Of course, I don’t know if medical school admissions people, and more importantly the MCAT-redesign people, will adopt these recommendations, or how they’ll implement them if they do.  In particular, what actually happens with the MCAT will probably be the most important driver of changes to the premed curriculum.  The MCAT-revision process is just getting started now.  People who care about undergraduate science curriculum issues should certainly pay attention.

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Ted Bunn

I am chair of the physics department at the University of Richmond. In addition to teaching a variety of undergraduate physics courses, I work on a variety of research projects in cosmology, the study of the origin, structure, and evolution of the Universe. University of Richmond undergraduates are involved in all aspects of this research. If you want to know more about my research, ask me!

5 thoughts on “Physics for pre-meds”

  1. “… their application to the understanding of living systems.”

    Interesting. The two semesters of “real physics” I took didn’t apply the principles of mechanics and E&M to living systems. We always operated on ideal springs, rigid bodies, and frictionless pulleys. (Okay, maybe once we had a perfectly spherical horse.)

    I think it’s reassuring that your physics-for-premeds program will not need to change in a significant way. That just confirms that you’re doing it right. (It’s the ones who are doing it wrong who will have to make more significant changes.)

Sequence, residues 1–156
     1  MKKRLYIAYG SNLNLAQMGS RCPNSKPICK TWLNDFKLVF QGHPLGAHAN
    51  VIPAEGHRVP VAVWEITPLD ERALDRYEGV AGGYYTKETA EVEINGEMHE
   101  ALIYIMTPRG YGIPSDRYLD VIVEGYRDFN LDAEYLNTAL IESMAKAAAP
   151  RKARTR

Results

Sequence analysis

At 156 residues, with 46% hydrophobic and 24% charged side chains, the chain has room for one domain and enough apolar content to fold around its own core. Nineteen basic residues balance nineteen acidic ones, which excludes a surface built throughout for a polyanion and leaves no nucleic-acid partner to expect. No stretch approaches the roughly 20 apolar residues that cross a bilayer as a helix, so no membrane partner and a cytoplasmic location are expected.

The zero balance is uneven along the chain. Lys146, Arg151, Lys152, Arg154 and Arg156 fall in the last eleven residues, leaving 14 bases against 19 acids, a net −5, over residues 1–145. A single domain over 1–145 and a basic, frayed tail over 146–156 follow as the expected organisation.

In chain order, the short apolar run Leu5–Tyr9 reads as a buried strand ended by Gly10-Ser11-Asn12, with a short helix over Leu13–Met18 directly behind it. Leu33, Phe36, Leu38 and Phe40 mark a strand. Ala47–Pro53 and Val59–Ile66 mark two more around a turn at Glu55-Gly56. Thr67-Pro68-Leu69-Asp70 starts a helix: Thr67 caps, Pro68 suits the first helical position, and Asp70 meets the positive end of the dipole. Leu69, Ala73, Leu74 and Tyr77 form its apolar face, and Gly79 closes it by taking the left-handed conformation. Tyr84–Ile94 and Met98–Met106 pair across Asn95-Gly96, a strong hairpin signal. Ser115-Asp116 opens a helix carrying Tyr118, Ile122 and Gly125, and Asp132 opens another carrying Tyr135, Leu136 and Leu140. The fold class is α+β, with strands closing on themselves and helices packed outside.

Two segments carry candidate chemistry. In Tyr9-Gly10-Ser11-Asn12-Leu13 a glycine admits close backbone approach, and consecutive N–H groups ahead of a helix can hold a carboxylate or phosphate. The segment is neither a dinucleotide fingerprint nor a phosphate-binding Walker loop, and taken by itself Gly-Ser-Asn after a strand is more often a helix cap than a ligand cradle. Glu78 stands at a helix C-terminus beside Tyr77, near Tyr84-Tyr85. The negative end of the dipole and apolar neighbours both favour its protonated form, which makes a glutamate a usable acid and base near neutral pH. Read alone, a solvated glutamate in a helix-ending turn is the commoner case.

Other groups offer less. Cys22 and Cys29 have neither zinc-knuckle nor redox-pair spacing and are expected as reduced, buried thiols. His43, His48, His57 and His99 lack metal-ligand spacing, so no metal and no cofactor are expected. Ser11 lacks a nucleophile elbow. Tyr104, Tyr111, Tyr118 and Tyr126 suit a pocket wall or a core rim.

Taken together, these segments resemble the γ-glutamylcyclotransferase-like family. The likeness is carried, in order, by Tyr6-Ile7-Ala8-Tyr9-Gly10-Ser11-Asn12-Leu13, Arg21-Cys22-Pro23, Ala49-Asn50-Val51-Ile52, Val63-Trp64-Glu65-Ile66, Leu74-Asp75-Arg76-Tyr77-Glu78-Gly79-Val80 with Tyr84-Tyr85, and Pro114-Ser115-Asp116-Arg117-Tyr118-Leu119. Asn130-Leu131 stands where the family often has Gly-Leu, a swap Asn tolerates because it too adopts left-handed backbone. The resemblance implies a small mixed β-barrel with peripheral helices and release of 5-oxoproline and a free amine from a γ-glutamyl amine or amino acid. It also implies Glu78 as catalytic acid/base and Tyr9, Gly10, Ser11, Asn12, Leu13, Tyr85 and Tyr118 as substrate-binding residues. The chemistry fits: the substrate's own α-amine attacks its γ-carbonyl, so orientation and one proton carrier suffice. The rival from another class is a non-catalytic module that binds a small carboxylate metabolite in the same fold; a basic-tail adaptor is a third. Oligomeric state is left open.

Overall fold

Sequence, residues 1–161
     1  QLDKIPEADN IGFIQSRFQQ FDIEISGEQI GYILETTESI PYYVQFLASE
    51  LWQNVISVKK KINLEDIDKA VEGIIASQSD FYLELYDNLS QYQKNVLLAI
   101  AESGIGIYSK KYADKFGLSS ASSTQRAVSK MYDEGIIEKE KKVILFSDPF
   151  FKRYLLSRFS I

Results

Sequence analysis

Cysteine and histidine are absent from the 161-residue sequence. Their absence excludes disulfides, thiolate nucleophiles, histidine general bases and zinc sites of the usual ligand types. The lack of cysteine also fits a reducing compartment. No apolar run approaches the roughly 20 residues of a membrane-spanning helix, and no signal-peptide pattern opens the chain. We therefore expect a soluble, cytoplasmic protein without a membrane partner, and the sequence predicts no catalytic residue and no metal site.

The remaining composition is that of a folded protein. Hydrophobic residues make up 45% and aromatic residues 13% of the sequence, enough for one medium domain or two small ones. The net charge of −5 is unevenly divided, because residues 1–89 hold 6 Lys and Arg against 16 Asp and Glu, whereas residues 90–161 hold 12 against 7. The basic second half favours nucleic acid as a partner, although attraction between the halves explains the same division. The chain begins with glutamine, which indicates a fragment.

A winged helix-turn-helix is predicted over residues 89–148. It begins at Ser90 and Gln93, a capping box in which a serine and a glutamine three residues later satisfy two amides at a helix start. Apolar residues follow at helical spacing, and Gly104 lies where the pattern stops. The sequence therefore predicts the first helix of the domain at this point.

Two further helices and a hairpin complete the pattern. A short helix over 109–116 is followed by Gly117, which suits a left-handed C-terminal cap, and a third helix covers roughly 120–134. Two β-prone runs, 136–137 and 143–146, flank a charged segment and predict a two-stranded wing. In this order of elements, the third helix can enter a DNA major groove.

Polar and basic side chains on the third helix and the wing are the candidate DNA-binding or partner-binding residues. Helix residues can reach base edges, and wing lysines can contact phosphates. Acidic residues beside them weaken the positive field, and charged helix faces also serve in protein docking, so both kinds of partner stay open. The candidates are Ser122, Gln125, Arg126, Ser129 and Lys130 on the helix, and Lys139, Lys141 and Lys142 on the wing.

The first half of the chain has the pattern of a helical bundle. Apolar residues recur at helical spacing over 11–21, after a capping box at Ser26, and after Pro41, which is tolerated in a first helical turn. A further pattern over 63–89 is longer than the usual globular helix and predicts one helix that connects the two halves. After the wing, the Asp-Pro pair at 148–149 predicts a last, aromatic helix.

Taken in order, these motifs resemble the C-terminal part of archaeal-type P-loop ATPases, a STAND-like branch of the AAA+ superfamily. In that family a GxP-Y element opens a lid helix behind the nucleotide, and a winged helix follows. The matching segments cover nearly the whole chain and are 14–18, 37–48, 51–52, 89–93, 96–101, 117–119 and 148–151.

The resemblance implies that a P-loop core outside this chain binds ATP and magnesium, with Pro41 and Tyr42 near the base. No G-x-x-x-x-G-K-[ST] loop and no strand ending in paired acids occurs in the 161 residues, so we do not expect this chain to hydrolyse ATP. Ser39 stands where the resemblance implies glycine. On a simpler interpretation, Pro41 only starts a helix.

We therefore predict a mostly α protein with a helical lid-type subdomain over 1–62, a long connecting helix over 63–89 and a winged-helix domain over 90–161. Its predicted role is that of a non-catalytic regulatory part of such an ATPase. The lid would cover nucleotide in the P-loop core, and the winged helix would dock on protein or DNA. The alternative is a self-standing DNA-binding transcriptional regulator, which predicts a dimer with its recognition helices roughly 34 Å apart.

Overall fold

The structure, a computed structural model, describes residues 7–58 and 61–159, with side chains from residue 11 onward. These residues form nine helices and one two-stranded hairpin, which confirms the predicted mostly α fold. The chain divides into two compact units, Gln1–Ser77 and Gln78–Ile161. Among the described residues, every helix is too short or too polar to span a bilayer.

2. I should clarify a bit: At the moment, most physics-for-premeds courses, if they include any biology at all, do the “application to the understanding of living systems” thing primarily by choosing biologically-inspired problems and examples and grafting them onto the old standard physics curriculum. If people were to try to integrate the biology more thoroughly into the physics, that would be a change in the curriculum. But the way I read the recommendations, it will be possible for physics departments to interpret them as a mandate to keep on doing pretty much what they’re doing, and hence that’s what’ll happen.

    At UR we have taken steps toward the greater integration of biology into the intro physics course taken by biology students and premeds. Aside from the IQS course, which is supposed to weave the disciplines together in a big way, we have a biology-themed “flavor” of our second-semester intro course, which is supposed to do a better job than standard courses of weaving biology into the physics. In particular, the labs have a lot more biology connection than in most intro physics courses (even those aimed at bio students and premeds).

    I’ve never taught that course, so I don’t really know too much about how it works, but it’s a good idea in principle.

  3. Oh, and since Raymond’s a college classmate of mine, I should mention one more thing.

    If you’re talking about Physics 105-106 at Princeton (I forget if you were in that course with me), or even 103-104, then the typical intro course nowadays does A LOT better than that at integrating biology into the physics. Of course, those courses were aimed mostly at physicists and engineers; there was a separate course (101-102, I think) primarily for bio / premed students. I’d be willing to bet, though, that that course put little to no effort into connecting the physics to biology either. (At that time, anyway. Maybe it’s better now.)